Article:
Pen and brown and black ink and graphite, with touches of brush and brown wash, heightened with lead white, discolored, on cream laid paper prepared with a pale brown wash, tipped on blue laid paper, laid down on cream board
Inscribed lower left: "l'hydra"
183 × 158 mm
Restricted gift of the Joseph and Helen Regenstein Foundation
Extended information about this artwork
Pierre-Louis Mathieu, Gustave Moreau: Sa vie, Son Oeuvre, Catalogue Raisonné de l’Oeuvre Achevé (Boston, 1976), p. 321, no. 154 (ill.).
“Maineri to Miró: The Regenstein Collection Since 1975,” The Art Institute of Chicago Museum Studies 26 (2000), pp. 76-77 (ill.)
Suzanne Folds McCullagh, “’A Lasting Monument:’ The Regenstein Collection at The Art Institute of Chicago,” The Art Institute of Chicago Museum Studies, 26 1 (2000), p. 13.
Paris, Galerie Georges Petit, “Exposition Gustave Moreau,” 1906, cat. 45.
New York, Museum of Modern Art, “Odilon Redon, Gustave Moreau, Rodolphe Bresdin,” December 4, 1961- February 4, 1962, cat. 198; traveled to The Art Institute of Chicago, March 2, 1962-April 15, 1962.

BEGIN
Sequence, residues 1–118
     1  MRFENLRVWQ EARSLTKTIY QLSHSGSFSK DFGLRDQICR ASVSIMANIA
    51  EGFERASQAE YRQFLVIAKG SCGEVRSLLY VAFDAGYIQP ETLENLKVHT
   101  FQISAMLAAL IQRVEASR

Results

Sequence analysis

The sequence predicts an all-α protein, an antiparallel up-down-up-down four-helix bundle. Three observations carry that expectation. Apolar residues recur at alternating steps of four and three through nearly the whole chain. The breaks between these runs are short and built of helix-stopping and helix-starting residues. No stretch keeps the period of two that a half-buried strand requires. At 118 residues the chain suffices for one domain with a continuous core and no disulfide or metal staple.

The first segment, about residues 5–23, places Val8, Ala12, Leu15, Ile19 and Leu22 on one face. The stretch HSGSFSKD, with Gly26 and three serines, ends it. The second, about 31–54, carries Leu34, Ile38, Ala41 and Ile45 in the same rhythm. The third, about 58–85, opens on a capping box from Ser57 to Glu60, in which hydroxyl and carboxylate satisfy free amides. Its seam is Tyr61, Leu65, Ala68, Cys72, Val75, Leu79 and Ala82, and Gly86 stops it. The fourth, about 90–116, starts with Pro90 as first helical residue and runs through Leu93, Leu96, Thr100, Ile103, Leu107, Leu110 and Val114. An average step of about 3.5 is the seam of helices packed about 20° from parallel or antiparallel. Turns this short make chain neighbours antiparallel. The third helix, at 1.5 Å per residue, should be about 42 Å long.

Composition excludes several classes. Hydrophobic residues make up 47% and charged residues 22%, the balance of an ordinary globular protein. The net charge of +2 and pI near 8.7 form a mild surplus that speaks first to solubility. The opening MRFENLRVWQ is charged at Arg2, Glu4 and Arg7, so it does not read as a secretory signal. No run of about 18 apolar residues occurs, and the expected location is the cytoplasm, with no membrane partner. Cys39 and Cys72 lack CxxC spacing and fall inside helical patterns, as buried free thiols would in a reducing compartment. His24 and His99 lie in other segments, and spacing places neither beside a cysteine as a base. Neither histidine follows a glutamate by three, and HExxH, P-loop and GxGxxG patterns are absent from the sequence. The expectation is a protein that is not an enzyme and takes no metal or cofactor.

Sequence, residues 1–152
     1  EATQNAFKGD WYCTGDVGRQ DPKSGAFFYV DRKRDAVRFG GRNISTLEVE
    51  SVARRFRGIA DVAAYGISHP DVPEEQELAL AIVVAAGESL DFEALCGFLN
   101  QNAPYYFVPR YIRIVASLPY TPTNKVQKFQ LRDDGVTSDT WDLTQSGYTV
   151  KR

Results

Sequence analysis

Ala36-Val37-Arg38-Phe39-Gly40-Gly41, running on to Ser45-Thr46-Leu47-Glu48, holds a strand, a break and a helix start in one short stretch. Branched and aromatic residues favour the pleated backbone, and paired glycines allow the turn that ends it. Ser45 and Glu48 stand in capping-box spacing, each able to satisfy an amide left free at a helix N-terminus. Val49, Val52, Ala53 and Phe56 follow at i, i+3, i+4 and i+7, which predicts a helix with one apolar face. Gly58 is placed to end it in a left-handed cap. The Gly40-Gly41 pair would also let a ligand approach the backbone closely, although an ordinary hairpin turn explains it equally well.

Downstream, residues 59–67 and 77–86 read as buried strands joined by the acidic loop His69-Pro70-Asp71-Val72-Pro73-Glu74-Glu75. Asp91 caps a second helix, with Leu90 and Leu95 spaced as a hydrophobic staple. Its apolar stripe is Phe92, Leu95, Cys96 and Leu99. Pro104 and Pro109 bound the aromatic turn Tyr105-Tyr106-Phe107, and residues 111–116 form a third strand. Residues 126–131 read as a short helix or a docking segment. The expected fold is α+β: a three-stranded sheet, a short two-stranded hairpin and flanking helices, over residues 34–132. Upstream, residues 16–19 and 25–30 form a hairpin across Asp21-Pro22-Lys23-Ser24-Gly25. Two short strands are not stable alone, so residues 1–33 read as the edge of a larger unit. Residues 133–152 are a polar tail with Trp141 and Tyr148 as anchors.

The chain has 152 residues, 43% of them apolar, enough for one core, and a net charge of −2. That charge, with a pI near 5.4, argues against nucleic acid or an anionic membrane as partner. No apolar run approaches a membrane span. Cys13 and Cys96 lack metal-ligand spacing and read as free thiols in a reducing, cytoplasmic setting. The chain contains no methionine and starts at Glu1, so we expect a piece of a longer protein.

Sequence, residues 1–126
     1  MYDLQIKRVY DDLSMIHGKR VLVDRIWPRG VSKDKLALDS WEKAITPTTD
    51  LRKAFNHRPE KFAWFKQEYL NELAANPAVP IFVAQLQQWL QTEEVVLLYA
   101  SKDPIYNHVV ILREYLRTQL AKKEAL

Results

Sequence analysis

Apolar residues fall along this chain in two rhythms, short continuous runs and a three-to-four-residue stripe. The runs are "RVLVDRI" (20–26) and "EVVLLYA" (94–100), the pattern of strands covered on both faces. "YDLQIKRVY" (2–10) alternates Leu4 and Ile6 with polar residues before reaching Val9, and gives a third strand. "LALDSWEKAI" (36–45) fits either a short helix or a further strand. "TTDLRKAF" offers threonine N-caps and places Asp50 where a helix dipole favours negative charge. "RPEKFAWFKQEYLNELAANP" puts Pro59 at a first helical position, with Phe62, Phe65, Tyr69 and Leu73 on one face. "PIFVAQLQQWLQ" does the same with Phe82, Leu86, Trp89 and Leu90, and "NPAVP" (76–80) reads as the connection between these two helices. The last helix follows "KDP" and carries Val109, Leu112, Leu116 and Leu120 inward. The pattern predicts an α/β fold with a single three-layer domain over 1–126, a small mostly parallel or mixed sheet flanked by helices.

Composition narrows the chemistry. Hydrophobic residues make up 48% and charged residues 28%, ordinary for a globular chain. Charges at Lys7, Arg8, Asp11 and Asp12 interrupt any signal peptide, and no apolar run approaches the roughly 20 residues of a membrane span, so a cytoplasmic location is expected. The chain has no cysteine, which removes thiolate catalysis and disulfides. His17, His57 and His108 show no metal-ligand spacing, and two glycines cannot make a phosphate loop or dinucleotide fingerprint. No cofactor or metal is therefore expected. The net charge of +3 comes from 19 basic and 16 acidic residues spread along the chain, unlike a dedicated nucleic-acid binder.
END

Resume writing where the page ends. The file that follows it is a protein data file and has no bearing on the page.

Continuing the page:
Tokyo, Fujikawa Gallery, “Gustave Moreau, Antoine Bourdelle,” November 1974; traveled to Osaka, the Fujikawa Gallery; and Kobe, the Fujikawa Gallery.
The Art Institute of Chicago, “Great Drawings from The Art Institute of Chicago: The Harold Joachim Years 1958-1983,” July 24-September 30, 1985, pp. 144-145, cat. 65 (ill.), cat. by Martha Tedeschi.
The Art Institute of Chicago, “Acquisitions in the Regenstein Collection 1974-1989.” February 2-May 8, 1990.
Paris, Galeries Nationales du Grand Palais, “Gustave Moreau (1826-1898),” September 28, 1998-January 4, 1999, cat. 58-4; traveled to The Art Institute of Chicago, February 10-April 25, 1999; and The Metropolitan Museum of Art, June 7-September 9, 1999.
Gustave Duruflé, Paris [invoice]. Georges Wildenstein (1892-1963), by 1961 [New York 1961]; by descent to his son, Daniel Wildenstein (died 2001), by 1976 [Mathieu, 1976]. Sold by Galerie Claude Bernard, Paris, to the Art Institute, 1983.
Object information is a work in progress and may be updated as new research findings emerge. To help improve this record, please email .